Why Nakba Day Matters

For more than seventy years the Palestinian people have been subject to dispossession and attempts to erase their history and culture – but on Nakba Day, they can say 'we're still here and we remember.'

At the dark heart of ‘the Disaster,’ ‘the Catastrophe,’ ‘the Nakba’, remain the erased actions of the Zionist militias in Palestine seventy-two years ago. This settler-colonial war was driven by a single strategic aim: to rid the land of the ‘native inhabitants’ of Palestine in order to establish a new state for European settlers in their place. Between 1947 and 1948 – while still under the direct rule of the British colonial Mandate – they nearly achieved these aims. By May 15th, the state of Israel had been declared, the British Mandate had ended, and the war was almost a total success.

Through military supremacy sourced by empire, Zionist military operations first dismantled and then destroyed the entirety of the Palestinian body politic – its political, cultural, social, economic, and civic unity, along with our continued presence on and attachment to our land, with its cities and villages; its institutions and buildings, its crops, agricultural conventions and international trade; our schools, rail and post services; the flourishing development of a national poetry, literature and the sciences; its prolific newspaper productions, from Jaffa, Haifa and Ramle to Jerusalem and Gaza city; the flourishing national trade union, club, and societies’ activities and their organising. 

The dispossession of the majority of Arab Palestinians by terror was in full view: military raids and sieges, bombardments and forced convoys, and the many massacres over the spring and summer of 1948. This began an erasure of the Palestinian people which continues as an active policy today. One of its centrepiece achievements was the demolition of nearly 500 Palestinian villages across the country, to deny the possibility of the owners’ return to them. This was the first reply of the settlers to the UN’s resolution of 1949, which both affirmed and called for Palestinian refugees’ rights to return to their homes.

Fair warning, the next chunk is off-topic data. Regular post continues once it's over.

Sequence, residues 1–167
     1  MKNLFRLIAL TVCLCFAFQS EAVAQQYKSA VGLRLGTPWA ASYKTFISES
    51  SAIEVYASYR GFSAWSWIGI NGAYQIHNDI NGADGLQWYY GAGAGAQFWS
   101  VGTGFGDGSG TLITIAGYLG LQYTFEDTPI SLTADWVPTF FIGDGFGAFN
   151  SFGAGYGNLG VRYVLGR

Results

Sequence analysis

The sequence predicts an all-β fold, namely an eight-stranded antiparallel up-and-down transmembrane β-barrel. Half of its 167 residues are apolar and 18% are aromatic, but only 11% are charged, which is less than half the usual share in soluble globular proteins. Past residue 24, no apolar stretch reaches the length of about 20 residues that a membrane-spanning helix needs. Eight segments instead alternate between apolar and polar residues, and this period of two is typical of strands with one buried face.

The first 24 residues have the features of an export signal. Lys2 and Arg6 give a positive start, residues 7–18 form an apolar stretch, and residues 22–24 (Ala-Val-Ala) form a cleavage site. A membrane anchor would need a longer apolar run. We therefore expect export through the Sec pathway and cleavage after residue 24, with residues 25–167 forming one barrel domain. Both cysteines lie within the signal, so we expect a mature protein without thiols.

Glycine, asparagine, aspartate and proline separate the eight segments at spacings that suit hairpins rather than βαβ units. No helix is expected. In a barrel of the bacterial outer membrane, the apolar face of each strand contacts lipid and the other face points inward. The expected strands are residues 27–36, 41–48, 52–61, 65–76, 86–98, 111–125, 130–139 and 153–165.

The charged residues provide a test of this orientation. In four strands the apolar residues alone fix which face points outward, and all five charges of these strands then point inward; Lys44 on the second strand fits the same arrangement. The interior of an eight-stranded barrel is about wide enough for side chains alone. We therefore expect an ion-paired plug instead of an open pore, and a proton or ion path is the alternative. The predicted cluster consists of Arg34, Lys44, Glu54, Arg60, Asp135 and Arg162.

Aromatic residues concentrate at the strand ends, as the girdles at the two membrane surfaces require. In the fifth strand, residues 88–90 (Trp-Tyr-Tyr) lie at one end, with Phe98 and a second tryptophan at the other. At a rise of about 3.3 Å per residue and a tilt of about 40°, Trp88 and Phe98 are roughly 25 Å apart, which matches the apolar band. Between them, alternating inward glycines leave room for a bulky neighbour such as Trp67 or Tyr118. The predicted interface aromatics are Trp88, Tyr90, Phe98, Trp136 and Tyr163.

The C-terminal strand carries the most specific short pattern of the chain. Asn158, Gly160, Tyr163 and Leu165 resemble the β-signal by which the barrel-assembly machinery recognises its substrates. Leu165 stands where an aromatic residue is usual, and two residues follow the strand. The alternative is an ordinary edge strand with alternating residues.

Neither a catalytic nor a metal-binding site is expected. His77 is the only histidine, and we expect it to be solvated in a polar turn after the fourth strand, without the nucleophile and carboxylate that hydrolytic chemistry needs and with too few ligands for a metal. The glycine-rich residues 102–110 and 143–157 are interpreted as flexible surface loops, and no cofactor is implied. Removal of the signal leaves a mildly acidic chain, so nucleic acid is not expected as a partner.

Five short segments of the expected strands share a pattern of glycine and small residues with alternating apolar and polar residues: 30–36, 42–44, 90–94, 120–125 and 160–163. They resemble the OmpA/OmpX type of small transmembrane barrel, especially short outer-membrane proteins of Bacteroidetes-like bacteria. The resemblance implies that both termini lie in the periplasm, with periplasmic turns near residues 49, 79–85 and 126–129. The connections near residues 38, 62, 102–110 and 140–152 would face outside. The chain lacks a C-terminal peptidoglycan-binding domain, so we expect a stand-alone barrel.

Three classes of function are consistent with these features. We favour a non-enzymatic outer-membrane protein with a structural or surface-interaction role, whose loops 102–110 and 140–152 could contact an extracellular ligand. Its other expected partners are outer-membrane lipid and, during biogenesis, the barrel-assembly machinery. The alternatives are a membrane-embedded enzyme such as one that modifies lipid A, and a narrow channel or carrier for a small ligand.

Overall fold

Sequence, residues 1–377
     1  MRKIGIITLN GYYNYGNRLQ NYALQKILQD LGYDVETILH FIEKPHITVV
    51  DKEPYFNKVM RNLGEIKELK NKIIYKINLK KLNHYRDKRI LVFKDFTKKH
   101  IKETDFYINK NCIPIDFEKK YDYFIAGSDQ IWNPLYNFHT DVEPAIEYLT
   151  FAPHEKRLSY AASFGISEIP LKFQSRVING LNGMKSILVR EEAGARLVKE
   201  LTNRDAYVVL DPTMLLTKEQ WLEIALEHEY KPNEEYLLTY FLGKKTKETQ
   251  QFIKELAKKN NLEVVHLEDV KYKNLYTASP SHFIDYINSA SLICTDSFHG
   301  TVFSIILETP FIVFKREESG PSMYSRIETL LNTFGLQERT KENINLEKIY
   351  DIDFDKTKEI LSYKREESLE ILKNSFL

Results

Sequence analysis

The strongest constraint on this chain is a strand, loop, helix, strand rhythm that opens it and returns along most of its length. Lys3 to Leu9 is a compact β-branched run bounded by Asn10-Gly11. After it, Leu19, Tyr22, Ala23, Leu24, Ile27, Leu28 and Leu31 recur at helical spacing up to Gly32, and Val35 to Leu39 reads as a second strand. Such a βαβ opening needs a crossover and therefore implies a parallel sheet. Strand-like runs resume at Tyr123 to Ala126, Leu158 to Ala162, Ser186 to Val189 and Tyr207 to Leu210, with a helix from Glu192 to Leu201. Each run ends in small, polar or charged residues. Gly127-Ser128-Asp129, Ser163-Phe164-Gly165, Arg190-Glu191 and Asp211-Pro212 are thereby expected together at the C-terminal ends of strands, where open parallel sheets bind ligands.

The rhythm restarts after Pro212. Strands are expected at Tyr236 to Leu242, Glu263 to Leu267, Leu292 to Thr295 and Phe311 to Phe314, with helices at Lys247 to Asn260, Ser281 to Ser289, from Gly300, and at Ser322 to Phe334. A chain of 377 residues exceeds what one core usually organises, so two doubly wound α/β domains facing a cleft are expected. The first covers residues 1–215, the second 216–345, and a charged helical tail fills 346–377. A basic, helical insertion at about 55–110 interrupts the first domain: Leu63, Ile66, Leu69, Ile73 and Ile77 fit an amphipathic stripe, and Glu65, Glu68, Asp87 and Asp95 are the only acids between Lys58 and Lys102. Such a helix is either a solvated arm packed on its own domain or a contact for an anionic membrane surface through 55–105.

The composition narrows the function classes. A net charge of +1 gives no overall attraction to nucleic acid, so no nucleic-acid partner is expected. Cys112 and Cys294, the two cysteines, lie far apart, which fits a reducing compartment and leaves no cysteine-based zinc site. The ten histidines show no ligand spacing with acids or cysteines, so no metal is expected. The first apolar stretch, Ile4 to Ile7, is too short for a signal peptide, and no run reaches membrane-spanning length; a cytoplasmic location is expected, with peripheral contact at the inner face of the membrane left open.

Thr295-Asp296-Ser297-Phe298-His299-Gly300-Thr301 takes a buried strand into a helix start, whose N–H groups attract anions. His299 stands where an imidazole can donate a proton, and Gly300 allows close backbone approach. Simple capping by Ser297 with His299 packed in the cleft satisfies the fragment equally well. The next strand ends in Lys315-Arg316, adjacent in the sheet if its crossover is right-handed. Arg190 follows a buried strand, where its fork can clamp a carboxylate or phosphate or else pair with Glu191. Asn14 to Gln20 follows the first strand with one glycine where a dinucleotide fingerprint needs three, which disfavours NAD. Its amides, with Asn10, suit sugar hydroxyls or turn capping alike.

Since that savage severing moment in a people’s collective history, the results of which remain unaddressed today, the Palestinian struggle to return home to Palestine remains the heart of our people’s cause. In the 1950s, the generation who created the Palestinian revolution experienced this forced expulsion first-hand, and indeed are known as the ‘Nakba Generation’. To organise in order to reverse this injustice, to halt the daily cruelty being endured by a people transformed into dispossessed refugees, was the revolution’s core uniting purpose.

In our current post-colonial era, one where I was told: “no one wants to be called a colonialist,” within the currency of diversity and equality (and their accompanying national rights legislation), and a public consensus – however vague– which holds that this very distant period of British colonialism had wrought violence, severe damage, and huge economic distress to hundreds of peoples and continents, how does this single colonial project to destroy the Palestinian people continue as a positive, indeed an emancipatory, enterprise worthy of support?